Staff records include a good series of obligation books, 1867-1955 detailing length of service and occupation whilst annual reports, photographs, plans and published histories provide useful context.
The full catalogue of Fulbourn Hospital records is available online.
A collection of ephemera relating to Fulbourn Hospital, including photographs newspaper articles and remembrances from patients and staff is held at the Ida Darwin Hospital.
Before the creation of statutory regional gas boards in 1950, gas supply was the responsibility of limited companies, each having Parliamentary approval for its service area.
Lists of local gas company records held by Transco plc, now National Grid Gas plc, can be viewed on the A2A website.
The Eastern Gas Board deposited the following records with Huntingdonshire Archives in 1972 (acc. 2116):
- Huntingdon and Godmanchester Gas and Coke Co Ltd (GA1)
- Ramsey Gas Light and Coke Co Ltd (GA2)
- St Neots Gas and Coke Co (GA3)
Cambridgeshire Archives holds records of:
- Cambridge Gas Light Company: including management committee minutes 1865-67; minutes of shareholders, 1834-67; specification for Cambridge gas works, 1878.
- Cambridge University and Town Gas Light Company: including Directors' meeting minutes , 1867-1940; shareholders minutes, 1867-1949; register of press cuttings and half yearly accounts, 1896-1921; share register c.1943-50.
- Chatteris Gas and Coke Company: Directors' and shareholders' minutes, 1894-1938; finance committee minutes, 1933-37.
- March Gas and Coke Company: Directors' minutes, 1860-1945.
- Wisbech Gas Light and Coke Company: Directors' minutes, 1858-1942.
- Ely Gas Company: Directors' minutes, 1885-1938.
- Littleport Gas Company Ltd.: Director's minutes, 1889-1934; Memorandum of Association 1867.
- Whittlesey Gas and Coke Company: Directors' minutes, 1907-27.
Some of these records have been listed and can be searched on our online CALM catalogue.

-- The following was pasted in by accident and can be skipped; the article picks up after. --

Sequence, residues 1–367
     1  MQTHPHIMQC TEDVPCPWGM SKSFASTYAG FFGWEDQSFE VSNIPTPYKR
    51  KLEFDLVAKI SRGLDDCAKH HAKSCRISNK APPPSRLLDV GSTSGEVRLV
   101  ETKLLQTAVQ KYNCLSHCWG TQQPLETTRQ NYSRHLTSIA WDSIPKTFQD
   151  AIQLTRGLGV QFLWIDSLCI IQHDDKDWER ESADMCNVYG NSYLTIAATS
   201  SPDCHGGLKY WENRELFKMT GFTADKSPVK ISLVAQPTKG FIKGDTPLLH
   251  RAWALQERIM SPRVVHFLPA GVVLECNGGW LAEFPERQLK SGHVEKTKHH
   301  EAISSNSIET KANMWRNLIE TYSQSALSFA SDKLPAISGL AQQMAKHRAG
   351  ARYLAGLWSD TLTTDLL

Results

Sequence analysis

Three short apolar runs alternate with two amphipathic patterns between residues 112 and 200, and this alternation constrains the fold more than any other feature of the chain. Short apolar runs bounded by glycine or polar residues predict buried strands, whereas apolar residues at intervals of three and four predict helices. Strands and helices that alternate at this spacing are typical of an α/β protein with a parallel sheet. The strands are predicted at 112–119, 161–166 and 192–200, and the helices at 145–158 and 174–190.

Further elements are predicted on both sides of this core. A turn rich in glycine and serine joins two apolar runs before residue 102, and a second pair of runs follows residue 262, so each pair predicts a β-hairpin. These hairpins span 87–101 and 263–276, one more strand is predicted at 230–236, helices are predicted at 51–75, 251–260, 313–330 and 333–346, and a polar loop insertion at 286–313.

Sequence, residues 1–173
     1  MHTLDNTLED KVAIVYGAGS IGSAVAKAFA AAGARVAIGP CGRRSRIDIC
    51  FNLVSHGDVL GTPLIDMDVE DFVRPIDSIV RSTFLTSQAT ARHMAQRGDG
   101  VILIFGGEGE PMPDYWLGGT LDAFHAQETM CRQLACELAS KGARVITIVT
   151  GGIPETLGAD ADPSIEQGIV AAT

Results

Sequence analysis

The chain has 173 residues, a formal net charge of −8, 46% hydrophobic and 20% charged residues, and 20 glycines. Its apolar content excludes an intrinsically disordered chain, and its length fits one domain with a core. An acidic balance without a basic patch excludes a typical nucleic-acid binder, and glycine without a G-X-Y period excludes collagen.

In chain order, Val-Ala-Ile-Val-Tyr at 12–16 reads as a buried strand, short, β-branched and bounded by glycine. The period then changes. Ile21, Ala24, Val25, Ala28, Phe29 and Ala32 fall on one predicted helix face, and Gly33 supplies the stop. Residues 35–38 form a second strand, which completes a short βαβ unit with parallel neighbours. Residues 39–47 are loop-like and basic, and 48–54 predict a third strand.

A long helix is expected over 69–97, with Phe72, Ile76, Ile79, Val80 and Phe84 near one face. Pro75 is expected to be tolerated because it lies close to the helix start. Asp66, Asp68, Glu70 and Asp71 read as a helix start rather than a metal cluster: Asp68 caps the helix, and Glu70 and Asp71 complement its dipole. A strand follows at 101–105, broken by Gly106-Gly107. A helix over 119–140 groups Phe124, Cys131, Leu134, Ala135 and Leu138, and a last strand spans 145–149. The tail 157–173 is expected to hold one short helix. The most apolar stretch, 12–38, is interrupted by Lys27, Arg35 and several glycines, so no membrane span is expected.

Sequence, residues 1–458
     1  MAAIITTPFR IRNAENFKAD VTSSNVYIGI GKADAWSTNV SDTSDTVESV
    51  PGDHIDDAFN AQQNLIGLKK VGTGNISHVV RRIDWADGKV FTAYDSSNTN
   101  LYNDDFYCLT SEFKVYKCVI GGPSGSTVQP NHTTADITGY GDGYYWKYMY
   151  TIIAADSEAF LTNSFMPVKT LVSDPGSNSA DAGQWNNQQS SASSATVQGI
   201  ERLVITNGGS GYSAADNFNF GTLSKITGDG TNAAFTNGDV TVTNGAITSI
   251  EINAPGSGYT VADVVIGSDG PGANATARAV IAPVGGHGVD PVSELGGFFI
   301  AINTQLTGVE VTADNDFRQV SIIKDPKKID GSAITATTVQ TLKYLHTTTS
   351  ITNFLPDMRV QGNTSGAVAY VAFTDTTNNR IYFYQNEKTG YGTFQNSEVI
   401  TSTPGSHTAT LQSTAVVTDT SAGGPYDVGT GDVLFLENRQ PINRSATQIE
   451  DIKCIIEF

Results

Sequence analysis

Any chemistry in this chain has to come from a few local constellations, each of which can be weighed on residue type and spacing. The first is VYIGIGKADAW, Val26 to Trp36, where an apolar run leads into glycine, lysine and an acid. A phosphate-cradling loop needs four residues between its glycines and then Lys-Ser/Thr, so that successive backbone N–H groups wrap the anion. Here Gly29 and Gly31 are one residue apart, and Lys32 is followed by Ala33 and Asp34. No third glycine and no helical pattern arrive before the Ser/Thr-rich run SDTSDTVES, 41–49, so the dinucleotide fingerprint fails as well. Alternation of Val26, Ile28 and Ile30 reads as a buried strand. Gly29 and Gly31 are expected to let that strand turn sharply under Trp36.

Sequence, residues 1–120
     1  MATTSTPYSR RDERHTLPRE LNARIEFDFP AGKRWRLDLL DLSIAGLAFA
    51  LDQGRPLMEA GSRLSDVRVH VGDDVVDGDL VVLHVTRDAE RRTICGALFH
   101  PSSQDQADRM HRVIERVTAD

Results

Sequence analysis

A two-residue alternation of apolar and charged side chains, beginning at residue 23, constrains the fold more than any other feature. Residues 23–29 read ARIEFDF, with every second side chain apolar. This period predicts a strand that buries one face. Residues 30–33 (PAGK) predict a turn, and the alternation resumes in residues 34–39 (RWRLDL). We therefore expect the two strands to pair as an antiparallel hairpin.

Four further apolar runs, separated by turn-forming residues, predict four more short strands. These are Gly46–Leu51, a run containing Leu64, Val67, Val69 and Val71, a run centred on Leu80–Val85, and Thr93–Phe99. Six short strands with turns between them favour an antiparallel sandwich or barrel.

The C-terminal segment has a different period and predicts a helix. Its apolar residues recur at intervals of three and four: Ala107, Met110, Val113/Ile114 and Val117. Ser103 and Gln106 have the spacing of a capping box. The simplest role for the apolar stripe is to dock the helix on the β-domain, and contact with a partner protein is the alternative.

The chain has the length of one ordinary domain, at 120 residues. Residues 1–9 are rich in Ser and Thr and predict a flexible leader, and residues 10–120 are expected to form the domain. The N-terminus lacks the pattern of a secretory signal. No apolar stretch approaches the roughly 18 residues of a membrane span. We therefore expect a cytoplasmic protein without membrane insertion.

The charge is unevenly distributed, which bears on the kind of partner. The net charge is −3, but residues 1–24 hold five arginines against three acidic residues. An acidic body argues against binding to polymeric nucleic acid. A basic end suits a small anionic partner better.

John L Gilbert of Wansford was a noted local historian and naturalist. After his death in June 1985 most of his papers were deposited by his sister Miss Mary Gilbert, and some futher deposits of notes have been made since then.
The collection consists mainly of local history notes on the Stibbington-Thornhaugh-Wansford area, and includes many glass negatives dating from the early 20th century.
Find more on our online catalogue.
Godmanchester was an ancient Crown demesne until 1212, when it was granted to the free men of Godmanchester and became a self-governing manor. In 1604 it was incorporated as a free borough under a charter of James I, which enabled Godmanchester to have a town clerk and a common seal.
The 1604 charter remained in force as the Governing Charter until the 1835 Municipal Corporations Act, with the exception of a brief period 1685-88.
The catalogue of Godmanchester Municipal Borough records is available online.
The 1835 Act replaced the old borough with an elected council. This was in turn abolished in 1961, and replaced by Huntingdon and Godmanchester Borough Council.
Huntingdonshire Archives has an excellent collection of town records, stretching back to the thirteenth century; the records include many of the original charters themselves, court rolls and books, burgess rolls, views of frankpledge and minute books.
Many of the documents covering the 1278-1400 period are used and discussed in J A Raftis 'A Small Town in Late Medieval England' (Toronto 1982), while some early modern records are used in the same author's 'Early Modern Godmanchester: Survivals and New Arrivals' (Toronto 1990).
There is a brief and useful history of the borough in Philip Dickinson The Borough of Huntingdon and Godmanchester (Huntingdon 1969). Details of the oddities of the self-governing manor system can be found in the 'Victoria County History of Huntingdonshire', vol 2 pages 287-290 (London 1932).
The best popular account of Godmanchester's pre-1835 municipal history is still Robert Fox 'The History of Godmanchester' (London 1831). All of these works are available in the searchroom library.